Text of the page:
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Water Element and the Winter Season


Man sitting near a lake mediating in the winter

As we move into the winter season, we have the opportunity to reflect on the essence of this time of year, and connect deeply with the forces that sustain it.


In the Five Element Theory, winter is connected to the water element. Water is the most yin of the elements; it is the cache where our essence is held, vital to our very being.


Nature is a great teacher when learning how to exist in harmony with the seasons. In the winter, having relinquished their foliage, plants retract to their core. By concentrating their power into trunk and roots, they survive this season with grace. In the spring, having grown their energy quietly, they burst forth in vibrant displays of life. For us, winter is the same, a time to contain, contemplate, and grow internally. By directing our energy to activities that align, we can help nourish ourselves during the darker season.

Image of a man sitting near a lake meditating in the snow

One way to do this is by setting aside time for stillness and reflection. Like a pool of water deep in a forest, our essence waits. Through meditation, we can return to it, exploring all its unique beauties.


If you are just starting to meditate, it can feel supportive to create an environment of calm to help yourself fall into the practice easily. Some like total quiet, a closed door, eyes unfocused while they face a blank wall. Others enjoy ambient noise, the feeling of the sun on them as they practice, or closed eyes. There are no wrong ways to connect with yourself when meditating. If you have access to water, this season is a wonderful time to sit by its shore, connecting with it and yourself.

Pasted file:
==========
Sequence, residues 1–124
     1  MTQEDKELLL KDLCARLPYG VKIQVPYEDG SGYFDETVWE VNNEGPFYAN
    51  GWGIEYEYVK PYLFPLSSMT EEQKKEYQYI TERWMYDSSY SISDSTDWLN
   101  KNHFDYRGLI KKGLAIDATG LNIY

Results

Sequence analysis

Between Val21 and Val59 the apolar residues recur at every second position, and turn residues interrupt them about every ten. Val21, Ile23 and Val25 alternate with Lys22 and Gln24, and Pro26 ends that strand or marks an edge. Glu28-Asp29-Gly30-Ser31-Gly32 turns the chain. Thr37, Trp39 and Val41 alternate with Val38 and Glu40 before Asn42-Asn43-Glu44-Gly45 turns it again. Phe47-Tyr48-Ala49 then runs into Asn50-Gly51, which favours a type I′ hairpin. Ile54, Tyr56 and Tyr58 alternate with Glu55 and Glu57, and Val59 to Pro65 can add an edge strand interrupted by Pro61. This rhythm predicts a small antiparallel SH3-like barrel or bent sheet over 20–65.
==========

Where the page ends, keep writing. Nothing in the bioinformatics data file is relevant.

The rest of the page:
Water is a root, a tether to our core. We are born from it, and it is a part of us. May this season be one of homecoming for you, of solace and self-discovery.


From myself and everyone at the Five Lights Center, wishing you a warm winter.

 

About the Author: Casper Valentine a Shiatsu practitioner based in Tucson, Arizona. After graduating from college with a degree in psychology, personal development led him to desire education in bodywork. He attended massage school and after trying out several forms post-graduation, he found his way to the Five Lights Center of Shiatsu and began to study Shiatsu. In Shiatsu, Casper has found a form that both grounds and inspires him. Additionally, he is trained as an acudetox specialist through NADA. He enjoys practicing Aikido and QiGong, crocheting and making rugs.

As the Student Liaison for the Five Lights Center, he is excited to support both new and continuing students as they learn Shiatsu. If you have any questions about our courses, you are always welcome to reach out to him at admin@fivelightscenter.com.

 

Transparency: Images were AI generated for the purpose of this blog.

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Caspar is a visionary. Reminding us that Bladder and Kidney store the Jing.

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Casper said "I'm glad you found my writing useful. That is wonderful. I hope your winter is gentle & transformative."

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